Fry said children are often told they need to call 911 in an emergency, but they are unprepared for the dispatchers’ questions. Parents should also share where their important information is located so children will be able to summon help in an emergency.
“Definitely know your phone number when you’re calling in. Be prepared to be asked all these questions: Who, what, when, where, why. We’re going to ask if there were weapons (involved),” Fry said.
“We’ll ask, ‘What are they wearing? Which direction did they go? What were they driving?’” Nevin added. “Officers will ask us these questions, and that’s why we have to ask. ‘Did they have a hat on? Do they have long hair? Short hair?’”
Fry said vehicle descriptions, including make, model, color and tag number, are also helpful.
Sometimes the most difficult part of their job is wondering about the ultimate outcome of a call. Often, they do not hear until hours later how the call was resolved. Occasionally, they never learn of the outcome, Fry said.
Translating chaos into help
They wish more people understood that their job involves “translating chaos” and to remain as calm as possible when calling 911.
“We are doing our absolute best to help, so try not to yell at the person answering the call,” Fry said. “Please answer our questions the best you can, and don’t hang up. It will only delay us getting the help you need.”
They agree that medical emergencies can be especially harrowing, both for the person calling and for the telecommunicators.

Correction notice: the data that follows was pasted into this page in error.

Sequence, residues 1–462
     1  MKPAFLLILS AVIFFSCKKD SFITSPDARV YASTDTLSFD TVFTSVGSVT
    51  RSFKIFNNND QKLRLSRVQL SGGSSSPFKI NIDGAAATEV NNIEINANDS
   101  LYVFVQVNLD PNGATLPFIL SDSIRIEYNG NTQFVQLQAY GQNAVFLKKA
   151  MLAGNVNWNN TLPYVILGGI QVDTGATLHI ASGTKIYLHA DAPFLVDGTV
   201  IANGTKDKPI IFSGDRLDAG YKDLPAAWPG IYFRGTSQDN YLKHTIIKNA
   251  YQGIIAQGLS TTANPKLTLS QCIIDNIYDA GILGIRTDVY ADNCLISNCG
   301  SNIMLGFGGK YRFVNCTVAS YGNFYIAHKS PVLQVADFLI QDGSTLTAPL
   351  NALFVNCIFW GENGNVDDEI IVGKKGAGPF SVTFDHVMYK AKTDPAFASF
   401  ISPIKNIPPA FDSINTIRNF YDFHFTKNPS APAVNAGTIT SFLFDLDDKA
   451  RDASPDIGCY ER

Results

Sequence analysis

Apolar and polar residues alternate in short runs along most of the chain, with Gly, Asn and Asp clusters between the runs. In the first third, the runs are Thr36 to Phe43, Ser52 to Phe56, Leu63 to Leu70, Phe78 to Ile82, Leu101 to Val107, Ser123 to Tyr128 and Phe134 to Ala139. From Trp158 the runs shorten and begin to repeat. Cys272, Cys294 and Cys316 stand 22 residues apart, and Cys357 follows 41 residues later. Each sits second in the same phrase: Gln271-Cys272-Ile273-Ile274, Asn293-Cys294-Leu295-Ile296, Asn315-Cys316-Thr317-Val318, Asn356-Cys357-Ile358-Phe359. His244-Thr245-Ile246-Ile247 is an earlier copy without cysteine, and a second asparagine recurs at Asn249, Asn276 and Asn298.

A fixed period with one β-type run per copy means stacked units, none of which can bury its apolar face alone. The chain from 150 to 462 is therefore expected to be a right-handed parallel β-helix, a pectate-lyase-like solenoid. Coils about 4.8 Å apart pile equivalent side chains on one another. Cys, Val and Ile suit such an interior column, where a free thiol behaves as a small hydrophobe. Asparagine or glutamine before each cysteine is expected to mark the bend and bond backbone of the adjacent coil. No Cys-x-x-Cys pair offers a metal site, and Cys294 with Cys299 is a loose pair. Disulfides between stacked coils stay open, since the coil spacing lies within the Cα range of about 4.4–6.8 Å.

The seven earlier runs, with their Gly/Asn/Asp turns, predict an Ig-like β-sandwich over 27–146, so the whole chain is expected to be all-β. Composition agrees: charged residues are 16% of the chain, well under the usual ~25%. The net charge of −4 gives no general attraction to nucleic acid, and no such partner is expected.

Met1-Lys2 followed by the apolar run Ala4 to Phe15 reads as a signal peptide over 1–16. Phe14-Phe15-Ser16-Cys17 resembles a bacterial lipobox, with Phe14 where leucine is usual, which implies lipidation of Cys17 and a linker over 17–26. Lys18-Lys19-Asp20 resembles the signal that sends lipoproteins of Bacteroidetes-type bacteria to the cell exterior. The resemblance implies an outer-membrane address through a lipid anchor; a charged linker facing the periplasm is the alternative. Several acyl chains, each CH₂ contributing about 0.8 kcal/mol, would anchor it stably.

Dispatchers work in tandem, Nevin said. While a caller may only hear one voice on the telephone, it is likely that the other dispatcher is helping to direct emergency response as well.
“We’re always listening to each other. So, if I’m saying, ‘There’s a baby not breathing,’ she just heard me, and she immediately jumps in and she’s starting help right away. While I’m still getting information, she can automatically see where (help is needed) and start units,” Nevin said.
Dealing with stress
They often deal with short-tempered callers, and they rely on each other’s sense of humor to stay calm despite the anxious moments that come with the job.
“At the end of the day, we do have to find some humor. We’ve got to make the best of each situation,” Fry said.
They both try not to take an especially stressful day home to family and try to help each other decompress before the workday ends.
Following a difficult call, it is not unusual for other telecommunications offices to call the staff at CPN and offer support — something they both appreciate about their job.
“When we take a bad call, our officers know, and they’ll come in and check on us,” Fry said.
Nevin said following the end of a particularly tough shift, the officers stopped by to check on her, and many offered a supportive hug.
They both appreciate the moments when an event concludes, and everyone involved is safe.
Offering community support
They occasionally get to know the people who often call 911 for help.
“We do care. A lot of people, they don’t realize,” the connections that dispatchers make with community members over the phone, Fry said.